Spain pulls ship from Lincoln Strike Group over Iran mission

Posted at 11:23 AM, May 14, 2019
and last updated 2019-05-14 19:58:35-04

Spain will be pulling its Méndez Núñez navy frigate from the USS Lincoln Strike Group because of United States authorities have changed what the original mission was supposed to be, according to El Pais, a Spanish newspaper.

The paper is reporting that the move by Spain's acting defense minister, Margarita Robles, comes after the USS Abraham Lincoln headed toward the Persian Gulf as tensions between Iran and the United States have grown in recent weeks.

With tension escalating between Iran and the U.S., Spain is looking to not be caught in the middle, according to El Pais. The use of the Méndez Núñez as a show of force is the singular issue - and change in agreement - Spain is concerned with.

The US and Spain had both agreed to a deal 2 years ago that would include the Méndez Núñez and its 215 sailors in training missions with the USS Abraham Lincoln.

The Méndez Núñez will likely rejoin the USS Abraham Lincoln and other ships once the strike group's mission in the Persian Gulf is over. This would likely take place at some point in the Indian Ocean.

The USS Lincoln Strike Group is already heading toward the Strait of Hormuz where it will enter the Persian Gulf. The fleet has reportedly already crossed the Bab-el-Mandeb Strait.

According to El Pais, the deal between Spain and the US to have the Méndez Núñez in the USS Lincoln Strike Group would have run through October 31 as part of a six-month mission that started in April.

The Méndez Núñez was in Norfolk back in January and conducted group exercises with Carrier Strike Group (CSG) 12.

Iranian ambassador to UN accuses the US of 'psychological warfare'

Iran's ambassador to the United Nations accused the US Tuesday of engaging in "psychological warfare," citing President Donald Trump's public threats and his administration's military maneuvers.

Relations between the US and Iran have worsened in recent months, particularly after the US withdrew from the 2015 nuclear deal last year, prompting Tehran to partially withdraw from the pact last week.

"These are all psychological warfare in our opinion. We are not in the business of trying to create conflict in our neighborhood, because nobody is going to have benefited from such a conflict in our region except for a few — as I explained earlier — some people in Washington and some countries in our neighborhood," Majid Takht Ravanchi told CNN's John Berman on "New Day."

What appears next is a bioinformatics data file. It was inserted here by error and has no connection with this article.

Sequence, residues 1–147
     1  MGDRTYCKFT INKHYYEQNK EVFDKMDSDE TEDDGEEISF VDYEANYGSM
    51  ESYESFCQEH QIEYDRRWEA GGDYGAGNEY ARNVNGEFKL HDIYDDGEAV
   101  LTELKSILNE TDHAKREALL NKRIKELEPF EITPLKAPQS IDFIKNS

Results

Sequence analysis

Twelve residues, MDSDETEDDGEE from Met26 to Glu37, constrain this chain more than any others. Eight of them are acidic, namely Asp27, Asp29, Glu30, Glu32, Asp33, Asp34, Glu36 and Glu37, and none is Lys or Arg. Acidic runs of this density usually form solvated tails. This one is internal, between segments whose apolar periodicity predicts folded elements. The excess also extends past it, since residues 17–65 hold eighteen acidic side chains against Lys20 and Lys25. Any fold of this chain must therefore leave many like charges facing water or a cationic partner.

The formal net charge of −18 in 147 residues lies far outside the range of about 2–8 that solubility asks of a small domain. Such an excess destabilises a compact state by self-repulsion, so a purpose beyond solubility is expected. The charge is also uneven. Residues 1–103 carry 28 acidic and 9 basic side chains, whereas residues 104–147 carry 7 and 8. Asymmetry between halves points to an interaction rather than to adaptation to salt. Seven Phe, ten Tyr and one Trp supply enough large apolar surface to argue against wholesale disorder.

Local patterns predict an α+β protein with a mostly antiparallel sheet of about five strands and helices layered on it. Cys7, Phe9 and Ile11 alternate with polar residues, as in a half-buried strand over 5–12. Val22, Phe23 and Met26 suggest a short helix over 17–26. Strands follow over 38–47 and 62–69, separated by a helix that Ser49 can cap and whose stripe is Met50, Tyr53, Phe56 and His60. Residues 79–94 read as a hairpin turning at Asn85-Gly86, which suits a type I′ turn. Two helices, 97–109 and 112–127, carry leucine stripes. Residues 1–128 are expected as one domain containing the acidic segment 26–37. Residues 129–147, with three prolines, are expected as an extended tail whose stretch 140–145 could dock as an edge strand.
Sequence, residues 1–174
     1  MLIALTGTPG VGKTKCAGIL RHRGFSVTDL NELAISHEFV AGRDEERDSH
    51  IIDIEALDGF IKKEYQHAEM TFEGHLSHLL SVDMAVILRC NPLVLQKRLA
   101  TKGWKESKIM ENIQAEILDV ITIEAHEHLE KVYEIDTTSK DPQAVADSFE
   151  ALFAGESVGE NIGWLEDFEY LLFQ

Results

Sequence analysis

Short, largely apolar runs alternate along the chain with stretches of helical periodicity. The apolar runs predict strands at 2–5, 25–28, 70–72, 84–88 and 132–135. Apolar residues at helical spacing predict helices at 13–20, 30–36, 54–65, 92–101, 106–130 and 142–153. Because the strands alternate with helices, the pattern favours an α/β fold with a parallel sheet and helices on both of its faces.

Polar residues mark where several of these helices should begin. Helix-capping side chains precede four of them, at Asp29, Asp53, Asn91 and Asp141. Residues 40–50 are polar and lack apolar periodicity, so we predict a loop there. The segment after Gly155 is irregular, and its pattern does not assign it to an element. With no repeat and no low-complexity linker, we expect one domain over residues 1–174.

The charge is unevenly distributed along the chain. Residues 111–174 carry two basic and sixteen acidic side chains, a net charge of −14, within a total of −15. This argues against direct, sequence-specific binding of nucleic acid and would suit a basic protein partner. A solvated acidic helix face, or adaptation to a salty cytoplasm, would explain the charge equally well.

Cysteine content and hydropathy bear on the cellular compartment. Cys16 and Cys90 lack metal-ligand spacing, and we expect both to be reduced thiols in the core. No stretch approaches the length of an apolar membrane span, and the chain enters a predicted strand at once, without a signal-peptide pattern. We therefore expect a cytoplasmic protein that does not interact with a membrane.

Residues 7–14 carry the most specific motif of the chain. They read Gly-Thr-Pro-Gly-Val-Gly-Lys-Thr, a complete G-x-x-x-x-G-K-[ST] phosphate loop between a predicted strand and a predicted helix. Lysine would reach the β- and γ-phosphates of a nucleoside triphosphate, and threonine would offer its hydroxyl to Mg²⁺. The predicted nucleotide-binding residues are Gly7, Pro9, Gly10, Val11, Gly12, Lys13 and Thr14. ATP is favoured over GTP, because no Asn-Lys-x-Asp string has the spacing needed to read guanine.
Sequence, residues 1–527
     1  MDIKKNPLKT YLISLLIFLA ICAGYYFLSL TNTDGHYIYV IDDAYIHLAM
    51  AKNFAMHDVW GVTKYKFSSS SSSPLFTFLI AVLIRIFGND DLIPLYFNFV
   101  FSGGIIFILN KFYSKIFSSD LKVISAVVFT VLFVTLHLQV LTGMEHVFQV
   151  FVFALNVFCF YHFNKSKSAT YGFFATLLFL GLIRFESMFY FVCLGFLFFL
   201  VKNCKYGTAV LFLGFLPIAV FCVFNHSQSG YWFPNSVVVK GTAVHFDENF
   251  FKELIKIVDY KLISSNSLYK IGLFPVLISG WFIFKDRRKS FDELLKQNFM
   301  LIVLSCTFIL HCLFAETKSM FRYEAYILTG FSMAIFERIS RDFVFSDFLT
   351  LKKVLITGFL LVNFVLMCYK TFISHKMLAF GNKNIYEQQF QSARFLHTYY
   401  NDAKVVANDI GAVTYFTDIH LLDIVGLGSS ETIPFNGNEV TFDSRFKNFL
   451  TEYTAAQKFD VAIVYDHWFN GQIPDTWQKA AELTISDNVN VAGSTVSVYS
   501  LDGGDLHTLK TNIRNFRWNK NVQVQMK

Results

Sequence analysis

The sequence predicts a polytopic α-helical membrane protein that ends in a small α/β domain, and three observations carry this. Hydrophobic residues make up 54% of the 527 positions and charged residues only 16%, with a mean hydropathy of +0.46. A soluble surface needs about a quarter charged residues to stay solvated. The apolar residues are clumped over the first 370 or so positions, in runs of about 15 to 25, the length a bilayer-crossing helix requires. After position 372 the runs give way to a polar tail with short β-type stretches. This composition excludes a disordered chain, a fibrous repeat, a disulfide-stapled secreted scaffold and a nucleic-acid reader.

The ambassador was responding to a report from The New York Times that said acting Defense Secretary Patrick Shanahan recently presented a plan to top national security officials that would send as many as 120,000 US troops to the Middle East in the event that Iran strikes American forces in the region or speeds up its development of nuclear weapons.

The Times said it's unknown whether Trump had been briefed on the plan, but noted that Shanahan discussed it days after the Trump administration cited "specific and credible" intelligence last week that suggested Iranian forces and proxies were targeting US forces in Syria, Iraq and at sea.

Last week, Trump warned that "it would be a very bad mistake" if Iran's leaders "do anything," a statement Ravanchi said he did not know the meaning of.

"Iran is having great relations with our neighbors. Iran is in the Persian Gulf area, we are not in Gulf of Mexico, so these questions (about Trump's warning) should be directed to those people who have come to our neighborhood from thousands of miles," he told Berman.

"So we are there, we are protecting our interest in our neighborhood and we are protecting the safety and security of the Persian Gulf area," Ravanchi added.

Trump also said last week he would like to see Iranian leaders call him, a move Ravanchi indicated would not happen as long as the US continues putting pressure on the country.

"The policy of maximum pressure and the offer of dialogue are mutually exclusive. They cannot expect Iran to accept an offer under pressure," Ravanchi said. "Why? The policy of maximum pressure is creating problems for the Iranian people. We cannot accept a dialogue based on coercion, based on intimidation and threats."